Undercounting Africa, And Why Egypt’s Economy Could Be Larger Than Nigeria’s

egyptIn the last decade the gross domestic product of the 11 largest countries in sub-Saharan Africa has grown 51 percent — more than double the world average of 23 percent and four times that of the U.S., according to Bloomberg.
The continent’s average consumer price index has stayed at 8 percent since 2013 compared to 13 percent plus in 2008 — a combination of rapid economic expansion and low inflation that has enticed investors as other once-favored emerging markets struggle.
The major drivers in Africa were consumer-focused industries that are taking advantage of the burgeoning population, materials (construction) and financial services, which outpaced emerging markets by 11 percent.
Only energy was the main loser. Yet the struggles of major exporters such as Angola and Nigeria have been conflated with the reduced demand by China for commodities to paint a dire outlook for the continent.
The picture is nowhere as bad as persistently advanced, says Carlos Lopes, executive secretary of the U.N. Economic Commission for Africa. Most African countries are not important exporters of commodities, and it is difficult to predict just how the downturn will actually hurt Africa’s growth.
There is actually a benefit to the downturn: the current market volatility could accelerate the drive to turn the continent’s attention towards seeking internal and more sustainable growth.
A counter-argument to the rapid expansion of GDP has been that data on Africa’s growth is weak. It definitely is, but it presents a different “problem”: that of undercounting.
Compelling data from the international economics analysis organisation World Economics shows how in four ways:

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Brics bank open for jobs

Flag patches  of Brazil, Russia, India, China, and South Africa, so called BRICS, which is an association of the emerging economies countries.

Flag patches of Brazil, Russia, India, China, and South Africa, so called BRICS, which is an association of the emerging economies countries.

Johannesburg – The New Development Bank is formally “open for business” and the recruitment process for its Africa Regional Centre in Johannesburg has started, National Treasury announced this weekend.

Treasury said in a statement the bank is in the process of establishing the Africa Regional Centre in Johannesburg, as announced by Finance Minister Pravin Gordhan in his 2016 Budget Speech.

Treasury said South Africans are encouraged to apply to work for the bank.

The start of formal operations of the so-called Brics Bank follows an agreement signed on February 27 2016 by the People’s Republic of China and the New Development Bank regarding the headquarters of the New Development Bank. The headquarters will be in Shanghai, China.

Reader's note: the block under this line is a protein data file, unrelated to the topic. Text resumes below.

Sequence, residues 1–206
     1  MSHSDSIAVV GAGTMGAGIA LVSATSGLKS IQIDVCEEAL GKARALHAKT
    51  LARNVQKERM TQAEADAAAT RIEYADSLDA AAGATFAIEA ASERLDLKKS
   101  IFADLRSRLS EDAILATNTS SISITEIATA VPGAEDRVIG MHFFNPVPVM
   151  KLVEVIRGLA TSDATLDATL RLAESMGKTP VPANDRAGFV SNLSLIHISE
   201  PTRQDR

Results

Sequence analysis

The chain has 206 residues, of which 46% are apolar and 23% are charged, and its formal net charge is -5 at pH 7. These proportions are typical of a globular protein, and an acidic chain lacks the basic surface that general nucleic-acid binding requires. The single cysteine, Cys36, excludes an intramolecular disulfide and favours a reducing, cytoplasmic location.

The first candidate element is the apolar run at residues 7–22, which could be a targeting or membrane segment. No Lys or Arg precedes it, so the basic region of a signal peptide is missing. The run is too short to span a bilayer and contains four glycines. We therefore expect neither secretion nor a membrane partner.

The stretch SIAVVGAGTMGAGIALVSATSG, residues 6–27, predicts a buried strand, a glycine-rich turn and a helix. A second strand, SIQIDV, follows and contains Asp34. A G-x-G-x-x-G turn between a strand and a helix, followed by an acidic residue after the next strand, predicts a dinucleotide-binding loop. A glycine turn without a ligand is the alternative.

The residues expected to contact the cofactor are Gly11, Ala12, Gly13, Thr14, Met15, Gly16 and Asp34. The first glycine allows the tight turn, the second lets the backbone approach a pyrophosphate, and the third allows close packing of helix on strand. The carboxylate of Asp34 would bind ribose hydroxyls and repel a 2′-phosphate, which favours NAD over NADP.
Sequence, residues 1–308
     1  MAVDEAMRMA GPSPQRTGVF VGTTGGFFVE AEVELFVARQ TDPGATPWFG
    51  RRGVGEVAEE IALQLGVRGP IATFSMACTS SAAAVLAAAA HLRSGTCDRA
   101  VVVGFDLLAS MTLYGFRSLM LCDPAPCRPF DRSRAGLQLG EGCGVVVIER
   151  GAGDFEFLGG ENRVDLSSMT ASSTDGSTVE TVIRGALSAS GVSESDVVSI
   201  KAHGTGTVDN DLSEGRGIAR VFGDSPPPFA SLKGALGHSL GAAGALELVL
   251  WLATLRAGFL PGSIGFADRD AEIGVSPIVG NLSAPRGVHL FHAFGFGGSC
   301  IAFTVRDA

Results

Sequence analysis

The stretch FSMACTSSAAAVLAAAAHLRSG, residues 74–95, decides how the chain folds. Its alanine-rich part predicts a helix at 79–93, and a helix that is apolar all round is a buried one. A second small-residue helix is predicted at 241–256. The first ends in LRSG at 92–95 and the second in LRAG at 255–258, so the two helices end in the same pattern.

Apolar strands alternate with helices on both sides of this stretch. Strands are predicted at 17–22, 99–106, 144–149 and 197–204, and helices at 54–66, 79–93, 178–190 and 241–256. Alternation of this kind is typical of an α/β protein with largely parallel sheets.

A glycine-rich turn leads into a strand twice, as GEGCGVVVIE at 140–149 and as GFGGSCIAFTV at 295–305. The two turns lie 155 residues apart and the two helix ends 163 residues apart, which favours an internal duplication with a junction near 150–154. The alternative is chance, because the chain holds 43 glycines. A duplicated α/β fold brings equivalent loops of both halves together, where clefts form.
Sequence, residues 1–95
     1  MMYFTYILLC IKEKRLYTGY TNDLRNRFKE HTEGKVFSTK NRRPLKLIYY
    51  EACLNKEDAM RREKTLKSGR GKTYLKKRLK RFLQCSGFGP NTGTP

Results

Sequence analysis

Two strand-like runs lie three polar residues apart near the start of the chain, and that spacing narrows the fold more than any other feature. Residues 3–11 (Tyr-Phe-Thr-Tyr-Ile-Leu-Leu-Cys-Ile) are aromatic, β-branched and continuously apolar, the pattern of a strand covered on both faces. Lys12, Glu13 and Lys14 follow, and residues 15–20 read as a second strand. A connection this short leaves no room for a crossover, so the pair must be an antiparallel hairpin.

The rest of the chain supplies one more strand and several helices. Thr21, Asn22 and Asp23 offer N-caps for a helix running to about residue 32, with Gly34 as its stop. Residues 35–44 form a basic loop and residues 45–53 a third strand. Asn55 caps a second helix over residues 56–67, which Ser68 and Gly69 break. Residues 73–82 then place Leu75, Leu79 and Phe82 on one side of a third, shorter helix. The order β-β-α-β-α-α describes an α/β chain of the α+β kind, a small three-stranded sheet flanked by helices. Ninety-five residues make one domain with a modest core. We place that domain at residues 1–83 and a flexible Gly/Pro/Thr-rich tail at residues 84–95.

This agreement marks the completion of legal procedures that give way for the bank to begin its operations. The bank is intended to finance infrastructure and sustainable development projects in the Brics (Brazil, Russia, India, China and South Africa) and other emerging economies and developing countries.

In December last year President Jacob Zuma said the Brics New Development Bank is a concrete reality. Zuma also announced that axed finance minister Nhlanhla Nene was nominated to head the regional centre.

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Nairobi: Online Platform Pilot Launched for Some Immigration Applications

Guide - Kenya CoverThe Department of Immigration in Kenya has launched a new online platform – called the Electronic Foreign Nationals Service (eFNS) – for work, family and student immigration applications. The eFNS will be rolled out on a pilot basis for some services and is likely to be mandatory for all immigration applications in the near future.

The new platform follows the recent introduction of the eVisa system, which has streamlined visa processing and in part replaced the visa-on-arrival system.

Online Application Process

Individual and corporate applicants can follow the below steps to use the eFNS:

• Create an eFNS account to access the system;
• Choose an immigration service;
• Fill out and print an online application form;
• Pay the government fee by credit card, cash or banker’s check; and
• Submit the form and supporting documents online for processing.

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Welcome to Lego land, Africa’s biggest solar farm in De Aar

legolandCape Town – An Irishman’s passion for job creation and solving South Africa’s energy restrictions with green technology resulted in the development of the largest solar farm in Africa. It launches this month.